If, for example, R1 =R3 and R2 =R3 /2,

d1 =2d2 

Thus, the ratio of d1 to d2 becomes favorable for the control of this embodiment. It should be noted that specific sizes of d1 and d2 are determined by taking into consideration the size of the output voltage VR from the correct exposure setting circuit 38 and the size of the output voltage from the differentiation circuit 42.

In FIG. 1a, the first and second reference voltages d1 and d2 are compared in a second and third comparators 43 and 44, respectively, with an output from a differentiation circuit 42 which differentially detects and outputs the rise of a signal representative of an integral state value that is outputted from the photometric circuit 33. The results of the comparison are sent to the light source current control circuit 35 as follows.

When the output of the differentiation circuit 42 is higher than the first reference voltage d1, the current that is supplied to the light source 30 is controlled to a minimum level to minimize the brightness of light that is emitted from the light source 30 within a variable range.

When the output of the differentiation circuit 42 is lower than the second reference voltage d2, the current that is supplied to the light source 30 is controlled to a maximum level to maximize the brightness of light from the light source 30 within the variable range.

When the output of the differentiation circuit 42 is between the first and second reference voltages d1 and d2, respectively, the current that is supplied to the light source 30 is controlled to a predetermined level between the maximum and minimum levels to set the brightness of light from the light source 30 at an intermediate level.

The operation of the above-described embodiment will next be explained with reference to the time charts of FIGS. 2a, 2b and 2c.

When the synchro switch 21 on the photographing device 2 is turned on, the shutter (camera shutter) 22 in the photographing device 2 is opened after a slight delay and is closed after a predetermined time (e.g., 0.25 sec) has elapsed. In the meantime, the shutter 32 in the light source device 3 is temporarily closed in response to a signal which is outputted from the sequence circuit 36 at the same time as the synchro switch 21 is turned on. In addition, an entire operation period signal is turned on. After a relatively short time t1, which is the interval of time between the moment the initial shutter closing signal rises at the same time as the synchro switch 21 is turned on and the moment it falls, the shutter 32 in the light source device 3 is opened. After the camera shutter 22 has been closed and a time t2 has elapsed, the entire operation period signal is turned off (i.e., the entire operation terminates).

At the same time as the initial shutter closing signal falls, the light source shutter 32 begins to open and, at the same time, the brightness of light emitted from the light source 30 is temporarily increased to a maximum level.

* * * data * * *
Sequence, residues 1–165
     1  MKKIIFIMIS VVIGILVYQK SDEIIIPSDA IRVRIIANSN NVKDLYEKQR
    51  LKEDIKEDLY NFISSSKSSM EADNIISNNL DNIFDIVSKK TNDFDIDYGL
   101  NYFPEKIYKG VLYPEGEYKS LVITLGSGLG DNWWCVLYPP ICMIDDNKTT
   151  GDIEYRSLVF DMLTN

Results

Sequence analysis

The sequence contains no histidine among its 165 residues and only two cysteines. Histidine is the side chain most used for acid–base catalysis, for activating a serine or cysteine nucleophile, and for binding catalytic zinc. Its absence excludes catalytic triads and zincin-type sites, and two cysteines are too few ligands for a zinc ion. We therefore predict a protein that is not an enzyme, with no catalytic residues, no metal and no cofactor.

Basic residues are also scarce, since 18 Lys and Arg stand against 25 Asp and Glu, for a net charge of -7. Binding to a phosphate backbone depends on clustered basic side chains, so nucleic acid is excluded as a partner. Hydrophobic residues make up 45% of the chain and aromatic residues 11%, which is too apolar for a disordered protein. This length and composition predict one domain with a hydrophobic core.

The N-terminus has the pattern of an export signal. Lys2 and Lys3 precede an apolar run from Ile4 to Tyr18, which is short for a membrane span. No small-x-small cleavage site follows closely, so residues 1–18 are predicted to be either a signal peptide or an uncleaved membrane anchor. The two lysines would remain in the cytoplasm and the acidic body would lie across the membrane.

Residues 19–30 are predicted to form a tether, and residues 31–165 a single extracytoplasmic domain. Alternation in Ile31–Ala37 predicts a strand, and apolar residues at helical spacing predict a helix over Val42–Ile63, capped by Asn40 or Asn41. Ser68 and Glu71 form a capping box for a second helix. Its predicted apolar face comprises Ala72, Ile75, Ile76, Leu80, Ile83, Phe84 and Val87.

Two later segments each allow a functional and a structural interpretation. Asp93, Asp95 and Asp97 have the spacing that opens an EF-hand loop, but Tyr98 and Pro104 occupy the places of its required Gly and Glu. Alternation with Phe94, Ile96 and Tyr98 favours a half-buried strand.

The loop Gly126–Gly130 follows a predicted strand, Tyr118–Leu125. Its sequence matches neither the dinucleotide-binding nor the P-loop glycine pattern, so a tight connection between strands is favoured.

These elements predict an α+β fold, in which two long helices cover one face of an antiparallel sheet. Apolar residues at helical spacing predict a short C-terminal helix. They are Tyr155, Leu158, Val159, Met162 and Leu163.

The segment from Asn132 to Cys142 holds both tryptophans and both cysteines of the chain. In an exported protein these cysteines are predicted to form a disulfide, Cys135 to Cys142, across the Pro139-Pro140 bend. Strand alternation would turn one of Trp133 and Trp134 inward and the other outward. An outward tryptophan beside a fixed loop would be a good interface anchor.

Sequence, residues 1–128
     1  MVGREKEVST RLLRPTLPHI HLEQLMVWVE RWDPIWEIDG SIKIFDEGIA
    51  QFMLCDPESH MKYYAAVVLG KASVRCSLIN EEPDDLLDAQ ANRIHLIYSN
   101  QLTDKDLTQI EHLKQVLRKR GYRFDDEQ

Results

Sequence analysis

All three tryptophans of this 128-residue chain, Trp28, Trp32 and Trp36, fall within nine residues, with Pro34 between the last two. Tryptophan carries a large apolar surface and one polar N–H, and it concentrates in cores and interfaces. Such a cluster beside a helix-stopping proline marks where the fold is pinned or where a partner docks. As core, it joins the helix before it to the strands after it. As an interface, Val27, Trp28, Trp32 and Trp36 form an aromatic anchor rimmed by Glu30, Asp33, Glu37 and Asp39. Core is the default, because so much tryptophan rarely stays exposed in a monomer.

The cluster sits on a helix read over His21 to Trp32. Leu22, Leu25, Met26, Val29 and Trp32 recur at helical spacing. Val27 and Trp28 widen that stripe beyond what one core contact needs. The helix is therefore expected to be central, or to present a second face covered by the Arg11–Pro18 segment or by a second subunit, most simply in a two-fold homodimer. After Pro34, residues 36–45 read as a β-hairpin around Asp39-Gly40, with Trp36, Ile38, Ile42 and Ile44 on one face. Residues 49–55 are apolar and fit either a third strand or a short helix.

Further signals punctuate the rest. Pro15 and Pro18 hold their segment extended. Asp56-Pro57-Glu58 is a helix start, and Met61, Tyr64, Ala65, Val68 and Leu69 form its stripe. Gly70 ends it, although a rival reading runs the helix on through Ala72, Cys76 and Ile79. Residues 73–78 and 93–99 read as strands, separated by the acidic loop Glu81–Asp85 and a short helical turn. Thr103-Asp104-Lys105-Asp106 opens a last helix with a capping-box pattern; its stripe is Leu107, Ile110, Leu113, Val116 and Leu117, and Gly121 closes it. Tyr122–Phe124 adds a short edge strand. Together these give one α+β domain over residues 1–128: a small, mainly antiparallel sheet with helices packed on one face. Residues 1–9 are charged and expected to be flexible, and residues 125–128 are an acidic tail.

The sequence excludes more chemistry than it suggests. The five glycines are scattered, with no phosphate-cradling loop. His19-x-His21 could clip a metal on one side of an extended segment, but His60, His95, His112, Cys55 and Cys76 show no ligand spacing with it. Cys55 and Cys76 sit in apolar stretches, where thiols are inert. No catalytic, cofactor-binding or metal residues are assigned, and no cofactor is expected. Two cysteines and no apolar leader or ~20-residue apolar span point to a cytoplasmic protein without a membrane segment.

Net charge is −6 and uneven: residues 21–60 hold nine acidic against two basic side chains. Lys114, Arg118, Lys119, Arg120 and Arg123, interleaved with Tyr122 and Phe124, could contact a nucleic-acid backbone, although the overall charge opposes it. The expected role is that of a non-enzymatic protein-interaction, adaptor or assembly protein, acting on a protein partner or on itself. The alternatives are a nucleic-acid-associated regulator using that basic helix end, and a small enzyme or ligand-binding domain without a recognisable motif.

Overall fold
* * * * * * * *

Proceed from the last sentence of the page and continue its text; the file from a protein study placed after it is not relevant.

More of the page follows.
When the distance to the object 100 is relatively short, the differential output detected is higher than the first reference voltage d1. In such a case, the brightness of light from the light source 30 lowers to a minimum level within a variable brightness range of light for photography, so that the rise of the integral output voltage becomes slower, resulting in an increase in the length of time needed for the integral output voltage to reach a set level, as shown in FIG. 2a. When the integral output voltage reaches the set level, the light source shutter 32 is closed to terminate the exposure process.

Accordingly, the exposure time becomes longer than in the case where the brightness of light from the light source 30 is left at the maximum level. This longer exposure time results in a reduction in the ratio of the time ΔT, the time required for the shutter 32 to close, to the exposure time. In addition, since the brightness of light from the light source 30 is held at the minimum level during the time ΔT, the degree of overexposure with respect to the plane of the film 25 is reduced.

Conversely, when the distance to the object 100 is relatively long, the differential output detected is lower than the second reference voltage d2. In such a case, the brightness of light from the light source 30 is left at the maximum level, and when the integral output voltage reaches the set level, the light source shutter 32 is closed to terminate the exposure process, as shown in FIG. 2b. Accordingly, the exposure time will not lengthen, and the problem of blurring will not arise.

When the distance to the object 100 is moderate, the differential output detected is intermediate between the first and second reference voltages d1 and d2. In such a case, the brightness of light from the light source 30 is controlled at a predetermined level which is intermediate between the maximum and minimum levels, so that the rise of integral output voltage becomes moderately slow. As a result, the time required for the integral output voltage to reach the set level lengthens to a certain extent, as shown in FIG. 2c. When the integral output voltage reaches the set level, the light source shutter 32 is closed to terminate the exposure process.

Accordingly, the exposure time lengthens to a certain extent, and the degree of over-exposure with respect to the plane of the film 25 is reduced. However, the exposure time will not lengthen as in the case where the brightness of light from the light source 30 is lowered to the minimum level. The problem of blurring will therefore not arise.